Categories: Blog


Lori Sternola


One of my favorite parts of what I do at LSQ is meeting with clients and prospective clients to learn more about the opportunities they have – and the challenges they face – in their businesses. It helps us create working capital solutions that truly meet their needs. And beyond that, everyone has an interesting story to tell.

While not new there is one concern that has been coming up more and more over the last few years across companies of all sizes and industries:


While all businesses have their ups and downs in sales revenue, many industries have predictable “busy” times and “slow” times; think retail at Christmas or tax preparation firms in February, March, and early April for busy times with higher than usual sales and retail garden centers in January or a ski resort in July for slow times. That’s seasonality. 

Seasonality requires a greater degree of planning and forecasting of cash to manage what equates to a mismatch between peak accounts payable obligations and accounts receivable revenue. That is, a company has to buy materials and inventory during the slow season to sell during the busy season. 

Seasonality and the Supply Chain Dynamic

Traditionally, advantageous payment terms have been used as part of managing seasonality. A company buying raw materials and/or inventory could extend payment terms and their days payables outstanding (DPO) to offset having to buy those raw materials and/or inventory during times of slow sales. 

That changed, however, during the pandemic.

Limited supplier resources and constrained shipping put pressure on companies’ ability to procure needed inputs. That flipped the dynamics of the supply chain in favor of the supplier. No longer were terms extensions or delayed payments part of the equation. Suppliers (and logistics providers) were demanding short terms (sometimes as soon as goods were shipped). Additionally, the limited availability meant prices went up for physical goods and for transport. Not exactly the best situation for a company in the middle of the valley of its yearly sales curve. 

Moving out of the pandemic, companies selling physical goods didn’t get much relief; even though shipping rates went down, warehousing availability and cost became an issue. Again, not optimal.

Real World Examples

One of our supply chain finance clients actually implemented their supplier early-payment payment programs to handle seasonality. They are a large commercial grower that serviced major retail box stores. When COVID hit, many of their suppliers were requiring quicker payments. 

“We have certain smaller and overseas suppliers that need their money upfront,” said the company’s president. “We buy containers and shipping racks, and things like that from China that have to be paid for on arrival. It definitely stretched our liquidity.”

Coincidentally, we have seen several clients that manufacture and distribute pet products facing the same issue. One company works with a number of smaller suppliers that need money soon to be able to serve the company’s demand, but has longer payment terms with their customers.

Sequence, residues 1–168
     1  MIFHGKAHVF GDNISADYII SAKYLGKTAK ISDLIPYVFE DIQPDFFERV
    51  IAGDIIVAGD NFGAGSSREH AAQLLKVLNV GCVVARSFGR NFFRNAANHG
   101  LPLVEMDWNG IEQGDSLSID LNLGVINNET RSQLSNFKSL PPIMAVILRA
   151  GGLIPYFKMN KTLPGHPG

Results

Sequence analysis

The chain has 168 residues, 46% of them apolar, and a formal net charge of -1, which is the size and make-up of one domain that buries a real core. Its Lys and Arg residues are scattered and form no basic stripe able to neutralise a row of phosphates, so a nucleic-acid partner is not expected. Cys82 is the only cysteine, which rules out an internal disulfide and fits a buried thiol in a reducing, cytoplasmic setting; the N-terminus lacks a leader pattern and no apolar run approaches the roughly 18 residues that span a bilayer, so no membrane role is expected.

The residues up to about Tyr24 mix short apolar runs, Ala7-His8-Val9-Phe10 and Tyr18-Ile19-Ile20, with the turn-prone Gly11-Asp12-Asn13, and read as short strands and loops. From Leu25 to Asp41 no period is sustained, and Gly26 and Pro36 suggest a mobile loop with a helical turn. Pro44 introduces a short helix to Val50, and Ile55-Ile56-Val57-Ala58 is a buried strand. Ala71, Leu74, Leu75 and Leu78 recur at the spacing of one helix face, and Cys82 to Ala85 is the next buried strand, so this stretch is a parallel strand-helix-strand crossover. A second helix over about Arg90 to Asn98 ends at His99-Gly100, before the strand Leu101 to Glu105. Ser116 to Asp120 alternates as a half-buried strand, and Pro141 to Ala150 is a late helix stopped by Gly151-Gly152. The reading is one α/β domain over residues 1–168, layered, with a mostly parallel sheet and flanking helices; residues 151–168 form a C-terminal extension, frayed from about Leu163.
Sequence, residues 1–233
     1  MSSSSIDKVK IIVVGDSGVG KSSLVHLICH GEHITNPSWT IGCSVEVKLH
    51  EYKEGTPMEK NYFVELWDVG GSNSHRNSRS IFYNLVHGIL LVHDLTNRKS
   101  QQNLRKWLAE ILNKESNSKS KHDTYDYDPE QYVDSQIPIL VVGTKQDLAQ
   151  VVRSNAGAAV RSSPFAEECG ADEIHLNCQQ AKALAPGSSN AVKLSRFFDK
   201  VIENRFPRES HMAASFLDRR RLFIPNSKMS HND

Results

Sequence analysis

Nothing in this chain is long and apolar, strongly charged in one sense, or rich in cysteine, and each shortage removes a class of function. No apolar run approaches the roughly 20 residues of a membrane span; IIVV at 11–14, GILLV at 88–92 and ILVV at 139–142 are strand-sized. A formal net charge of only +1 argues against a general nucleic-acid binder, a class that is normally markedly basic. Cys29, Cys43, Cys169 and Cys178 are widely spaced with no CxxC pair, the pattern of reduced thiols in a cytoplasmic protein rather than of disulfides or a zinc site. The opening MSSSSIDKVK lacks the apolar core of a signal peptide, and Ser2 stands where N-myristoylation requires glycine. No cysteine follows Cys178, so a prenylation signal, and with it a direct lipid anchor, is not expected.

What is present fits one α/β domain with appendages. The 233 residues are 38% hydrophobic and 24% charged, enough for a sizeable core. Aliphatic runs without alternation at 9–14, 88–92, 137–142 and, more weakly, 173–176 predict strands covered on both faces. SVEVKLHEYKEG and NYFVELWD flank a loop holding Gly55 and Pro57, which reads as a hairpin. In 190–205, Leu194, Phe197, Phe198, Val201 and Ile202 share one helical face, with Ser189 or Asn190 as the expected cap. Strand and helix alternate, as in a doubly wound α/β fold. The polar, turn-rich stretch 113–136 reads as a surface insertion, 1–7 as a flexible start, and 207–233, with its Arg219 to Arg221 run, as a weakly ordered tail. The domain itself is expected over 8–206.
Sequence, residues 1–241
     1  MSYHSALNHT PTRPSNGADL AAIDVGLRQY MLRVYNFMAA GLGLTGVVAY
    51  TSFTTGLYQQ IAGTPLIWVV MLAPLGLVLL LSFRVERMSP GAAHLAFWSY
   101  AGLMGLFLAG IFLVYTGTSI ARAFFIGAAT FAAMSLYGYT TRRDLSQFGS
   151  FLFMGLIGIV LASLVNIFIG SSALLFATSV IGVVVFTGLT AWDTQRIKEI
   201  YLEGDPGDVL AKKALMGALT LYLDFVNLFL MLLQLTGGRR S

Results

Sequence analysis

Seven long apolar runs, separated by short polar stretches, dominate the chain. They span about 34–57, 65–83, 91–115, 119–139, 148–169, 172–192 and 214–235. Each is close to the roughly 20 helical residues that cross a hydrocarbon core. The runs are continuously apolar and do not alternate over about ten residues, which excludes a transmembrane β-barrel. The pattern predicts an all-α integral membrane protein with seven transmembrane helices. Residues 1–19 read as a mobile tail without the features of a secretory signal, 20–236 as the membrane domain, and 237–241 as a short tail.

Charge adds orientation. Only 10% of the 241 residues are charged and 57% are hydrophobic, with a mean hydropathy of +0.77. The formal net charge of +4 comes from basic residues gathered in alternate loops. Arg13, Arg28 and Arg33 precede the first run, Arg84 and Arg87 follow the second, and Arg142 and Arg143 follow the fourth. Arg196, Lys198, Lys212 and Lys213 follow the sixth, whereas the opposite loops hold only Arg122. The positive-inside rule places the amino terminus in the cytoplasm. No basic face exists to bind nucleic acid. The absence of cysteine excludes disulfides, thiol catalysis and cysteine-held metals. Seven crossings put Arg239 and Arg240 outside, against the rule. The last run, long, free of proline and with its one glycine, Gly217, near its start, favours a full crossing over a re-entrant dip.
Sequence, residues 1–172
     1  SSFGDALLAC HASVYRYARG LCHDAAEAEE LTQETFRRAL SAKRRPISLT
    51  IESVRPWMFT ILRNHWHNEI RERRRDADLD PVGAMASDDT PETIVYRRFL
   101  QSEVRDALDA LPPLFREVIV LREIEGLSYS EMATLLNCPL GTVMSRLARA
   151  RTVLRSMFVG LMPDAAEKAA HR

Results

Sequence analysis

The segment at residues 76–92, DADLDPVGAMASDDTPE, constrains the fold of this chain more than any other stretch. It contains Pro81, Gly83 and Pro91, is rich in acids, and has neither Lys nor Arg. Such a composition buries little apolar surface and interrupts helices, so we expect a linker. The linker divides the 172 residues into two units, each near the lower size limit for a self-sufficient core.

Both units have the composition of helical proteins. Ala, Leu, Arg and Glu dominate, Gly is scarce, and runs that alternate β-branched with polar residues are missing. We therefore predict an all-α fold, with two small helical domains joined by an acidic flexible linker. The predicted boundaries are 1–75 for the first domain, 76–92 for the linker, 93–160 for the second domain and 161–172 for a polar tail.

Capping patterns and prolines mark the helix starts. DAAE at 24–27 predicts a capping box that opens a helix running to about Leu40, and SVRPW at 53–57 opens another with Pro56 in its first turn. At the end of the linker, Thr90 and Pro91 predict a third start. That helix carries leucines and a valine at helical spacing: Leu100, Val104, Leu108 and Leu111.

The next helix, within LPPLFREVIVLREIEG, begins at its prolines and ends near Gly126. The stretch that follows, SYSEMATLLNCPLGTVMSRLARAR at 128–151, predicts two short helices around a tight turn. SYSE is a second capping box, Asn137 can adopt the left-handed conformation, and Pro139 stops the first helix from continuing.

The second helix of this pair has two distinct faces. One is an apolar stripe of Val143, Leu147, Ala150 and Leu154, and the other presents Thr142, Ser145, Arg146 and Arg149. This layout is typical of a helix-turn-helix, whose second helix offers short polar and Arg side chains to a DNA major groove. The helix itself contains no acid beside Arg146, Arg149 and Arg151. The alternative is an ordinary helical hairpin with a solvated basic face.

“We import a lot of different products, and the cash conversion cycle for that imported product is pretty lengthy,” said the company’s Vice President of Procurement. “When a product leaves the port in China, typically we have to pay for it, it’s on the water for a period of time, then it gets sold to one of our customers. They pay us on 60-90 day terms.”

In other words, an AR and AP timing mismatch due to seasonality that puts a strain on cash flow.

Solutions for Seasonal Cash Flow Concerns

As the VP mentioned, the problem is an extended cash conversion cycle: Money is out too long on the payables side and not coming in fast enough on the receivables side. Things have to be built up when sales are lowest.

So what’s the answer? 

Well, the pet products company (with our help) figured it out. They implemented a hybrid accounts receivable and account payable finance (supply chain finance) program that gives them flexible working capital options. They have a line of credit they can access for their receivables to shorten their days sales outstanding. Additionally, they have a supply chain finance program that allows their suppliers to get paid quickly while they have flexible repayment terms with LSQ to allow them better manage their days payable outstanding. That’s a combination that allows them to shorten their cash conversion cycle and optimize their working capital – all without damaging their supplier relationships.

“We were looking for an alternative short-term solution that could help us through the crunch of where we were forecasting to be and allow us to pay our vendors early while maintaining working capital when we needed it,” the VP said. “Having it in one system (with LSQ) gives us the ability to pull multiple levers (both accounts receivable and payable finance) to meet whatever need arises.”

With rising interest rates and an uncertain economy, managing seasonality becomes trickier (not to mention the recovery from the financial challenges of a global pandemic) and shortening the cash conversion cycle becomes both more critical and difficult. But, while seasonality isn’t going anywhere – it’s not going to snow in many places in the Northern Hemisphere in July – innovative options are available for companies looking to better align their accounts receivable and payable cycles. 

Photo via

Stay in the loop

Subscribe to our monthly newsletter

Related Content

Working Capital Insights

  • Supply Chain and Accounts Receivable Finance: Banks Partnering with FinTech

    June 24, 2024

  • time cost of money

    May 13, 2024

  • March 15, 2024